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Santana on ShoBox

(Photo © Tom Casino / SHOWTIME)
(Photo © Tom Casino / SHOWTIME)

While Guillermo Rigondeaux faces Nonito Donaire this weekend in a high-profile junior featherweight showdown at Radio City Music Hall in New York City, another Cuban lefty continues his climb up the boxing ladder the night before. Lightweight Angelo Santana faces Bahodir Mamadjonov at the Treasure Island Casino in Las Vegas (Showtime, 10 p.m., ET/PT).

Like many other Cubans defectors, he doesn’t speak much English (as of yet) and his story has to be told by others. His journey to America took place in 2007.
“Manny Fernandez, who’s the co-manager, called me up one day and says, ‘I have this tremendous Cuban fighter. He just literally swam over here,’” says Rick Glaser, veteran fight agent and matchmaker, who works for Don King Productions. “[Fernandez] told me the story; he says, ‘What should I do with him?’ I say, ‘I’m going to bring him to Don King.’ They call [Santana] ‘La Cobra.’ Don and I call him ‘The Swimmer.’ Literally, this guy swam over. We just liked everything about him from the first day. Just his attitude, he’s a good-looking guy and even though he doesn’t speak English, you can see he’s nice. He shakes hands and he’s very personable and he’s got a touch of charisma even though he doesn’t speak the language.”

Santana spoke loudly in his “ShoBox” debut this past November when he impressively halted the unbeaten Juan Garcia in Miami. He floored Garcia a couple of times before finishing him off with a big left in the fifth frame. Gordon Hall, executive producer of the series, commented, “When I shook his hand, he had big hands; that’s the first thing I thought. Then after seeing him fight, obviously, we knew that he was an established amateur and he certainly had a ‘Knockout of the Year’ candidate. He’s a power-punching fighter.”
Glaser’s assessment of the Cuban is such: “What I like about him is that he trains every single day whether he has a fight or not. He’s always in shape, around his weight, walking around his weight at ‘40, ‘41 and he fights at ‘35. He’s a tenacious guy once he gets in there in the ring. He punches tremendously with both hands. He’s got a tremendous chin and he’s been sparring with world-class fighters since he came over and was a pro debut guy. He just has what it takes to become a world lightweight champion.” And unlike many of his countrymen, discipline was not ditched at the border with Santana. “Most of the Cubans that came over,” continued Glaser, “like [Joel] Casamayor, [Santana] came over at 119 pounds in the amateurs and in the pros, he’s 130. He’s fighting at ‘35 and he was a ‘32-pounder in the amateurs. In his early fights, he was a ‘30-pounder. So my point is he’s where he’s supposed to be for his weight class as he’s maturing, where these other guys are way out of their weight class. [Ramon] Garbey fought at 165 in the amateurs; he couldn’t even make cruiserweight when he came over here. They’re all like that.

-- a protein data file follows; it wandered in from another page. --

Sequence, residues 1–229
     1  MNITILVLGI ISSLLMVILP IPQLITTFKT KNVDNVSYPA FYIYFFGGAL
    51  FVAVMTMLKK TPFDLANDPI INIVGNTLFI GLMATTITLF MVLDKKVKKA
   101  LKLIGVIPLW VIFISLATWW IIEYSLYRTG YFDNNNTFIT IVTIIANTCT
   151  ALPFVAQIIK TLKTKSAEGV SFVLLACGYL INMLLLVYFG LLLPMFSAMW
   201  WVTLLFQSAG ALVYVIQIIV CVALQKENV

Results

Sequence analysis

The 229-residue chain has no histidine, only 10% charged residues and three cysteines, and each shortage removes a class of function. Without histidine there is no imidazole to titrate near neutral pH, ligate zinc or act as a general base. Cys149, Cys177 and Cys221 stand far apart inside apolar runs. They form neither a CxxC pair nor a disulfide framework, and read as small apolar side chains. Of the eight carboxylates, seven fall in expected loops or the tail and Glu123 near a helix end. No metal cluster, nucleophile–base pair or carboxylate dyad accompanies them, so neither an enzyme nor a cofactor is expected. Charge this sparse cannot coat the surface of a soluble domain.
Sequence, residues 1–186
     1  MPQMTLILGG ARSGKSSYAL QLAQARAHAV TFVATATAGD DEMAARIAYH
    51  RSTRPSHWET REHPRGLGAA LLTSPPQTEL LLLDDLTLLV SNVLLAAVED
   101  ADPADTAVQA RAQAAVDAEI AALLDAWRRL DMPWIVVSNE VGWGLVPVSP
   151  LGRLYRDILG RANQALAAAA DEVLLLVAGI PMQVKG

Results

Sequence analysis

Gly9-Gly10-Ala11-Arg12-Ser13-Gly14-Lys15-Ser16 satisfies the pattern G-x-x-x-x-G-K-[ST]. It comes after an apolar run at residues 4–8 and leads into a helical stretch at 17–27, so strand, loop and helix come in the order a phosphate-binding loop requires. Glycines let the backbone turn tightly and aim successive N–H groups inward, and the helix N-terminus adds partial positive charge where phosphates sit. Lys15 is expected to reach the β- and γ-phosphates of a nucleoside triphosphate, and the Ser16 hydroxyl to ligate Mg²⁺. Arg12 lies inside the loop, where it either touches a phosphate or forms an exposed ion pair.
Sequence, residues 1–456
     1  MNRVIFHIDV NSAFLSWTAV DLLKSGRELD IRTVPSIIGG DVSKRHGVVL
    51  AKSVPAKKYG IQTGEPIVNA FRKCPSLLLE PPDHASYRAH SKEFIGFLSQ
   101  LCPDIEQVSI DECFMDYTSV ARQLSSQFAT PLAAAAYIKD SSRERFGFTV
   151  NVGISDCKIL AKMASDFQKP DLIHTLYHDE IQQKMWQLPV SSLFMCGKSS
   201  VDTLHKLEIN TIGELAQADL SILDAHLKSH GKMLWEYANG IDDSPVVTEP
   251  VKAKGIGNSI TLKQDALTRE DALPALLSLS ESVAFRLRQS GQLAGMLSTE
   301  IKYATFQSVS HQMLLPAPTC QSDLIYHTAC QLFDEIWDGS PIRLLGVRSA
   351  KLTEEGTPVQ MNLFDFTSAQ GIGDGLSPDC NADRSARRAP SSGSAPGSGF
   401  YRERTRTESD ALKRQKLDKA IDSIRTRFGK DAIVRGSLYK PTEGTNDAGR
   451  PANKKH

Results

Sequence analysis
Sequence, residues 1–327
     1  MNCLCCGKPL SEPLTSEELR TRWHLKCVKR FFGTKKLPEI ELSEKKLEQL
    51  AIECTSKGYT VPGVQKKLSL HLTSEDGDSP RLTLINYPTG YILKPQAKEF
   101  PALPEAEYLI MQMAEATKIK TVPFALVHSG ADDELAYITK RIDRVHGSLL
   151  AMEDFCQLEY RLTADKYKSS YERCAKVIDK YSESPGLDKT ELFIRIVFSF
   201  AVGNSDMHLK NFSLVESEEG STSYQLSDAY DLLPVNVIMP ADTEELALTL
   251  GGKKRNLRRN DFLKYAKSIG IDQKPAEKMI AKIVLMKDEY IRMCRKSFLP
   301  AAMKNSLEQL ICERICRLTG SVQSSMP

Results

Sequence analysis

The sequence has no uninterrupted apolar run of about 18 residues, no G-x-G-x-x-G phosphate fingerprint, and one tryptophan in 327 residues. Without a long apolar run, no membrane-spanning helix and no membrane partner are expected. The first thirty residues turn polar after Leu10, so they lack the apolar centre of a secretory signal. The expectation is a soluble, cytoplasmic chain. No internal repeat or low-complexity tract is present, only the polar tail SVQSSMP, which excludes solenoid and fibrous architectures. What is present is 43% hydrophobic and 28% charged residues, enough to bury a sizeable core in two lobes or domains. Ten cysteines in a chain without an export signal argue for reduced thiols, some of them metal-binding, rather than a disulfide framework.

“He’s totally different. He’s well-grounded. He’s a different guy. He doesn’t hang around like other Cuban fighters. He’s not a go-to-Disney-type-of-guy after a fight.”
Through his co-manager, Sebastian Sauleva, Santana - who doesn’t say all that much - said of life in the States, “I have adjusted very good.” And for what he likes best about this country, he said simply and tersely, “Liberty and opportunity.” It’s enough to make his promoter bellow, “Only in America!”
So there is such a thing as a disciplined and hassle-free Cuban boxer, one free from all the usual…umm…issues (to put it kindly) normally associated with them? “First of all, he comes from a good family. He’s a very good kid,” explained Sauleva. “He has a good girlfriend. But most of all, he comes from a good family.”
Right now, Santana is 14-0 with 11 stoppages to his credit (after an amateur career that saw him go 189-3) and he’s still just 24 years old. He could be on the fast track to a title.
“If he wins on Friday night, he should get another ‘ShoBox’ date this summer. Then after that, we’re probably going to fight [WBA lightweight titlist] Richie Abril. The kid will be number one in the world in the WBA and two Cubans in Miami, we should draw a big crowd. It’ll make history; two Cubans have never fought each other for a world title,” said Glaser, who is sky-high on Santana. Sauleva is a bit more effusive, stating, “He’s gonna become another [Manny] Pacquiao, another ‘Manos de Piedra’ [Roberto Duran], people like that.”
OK, let’s pump the brakes a little bit here.
Hall puts things into perspective, saying, “Santana looks really impressive and I really think he has the possibility of going to the next level.”
The latest name in the mix to face Willie Nelson June 29th on HBO is Javier Maciel after Damian Jonak turned the fight down...It looks like Darley Perez is getting the assignment against Yuriorkis Gamboa on June 8th...Hall says the May 10th edition of “ShoBox” will have Dierry Jean vs. Cleotis Pendarvis and John Thompson vs. Tureano Johnson...The opening bout on Friday night has Amir Imam versus Jeremy Bryan...Vic Darchinyan is now fighting on May 11th in Laredo, Texas on an UniMas card...A special edition of ESPN2’s “Thursday Night Fights” takes place on May 2nd from Corona, CA as Mauricio Herrera takes on Ji-Hoon Kim and Miguel Acosta faces Miguel Gonzalez...Have my Padres been mathematically eliminated from post-season play yet?...So the Red Sox sell-out streak has come to an end? Blame Bobby Valentine…I can be reached at and I tweet at We also have a Facebook fan page at, where you can discuss our content with Maxboxing readers as well as chime in via our fully interactive article comments sections.

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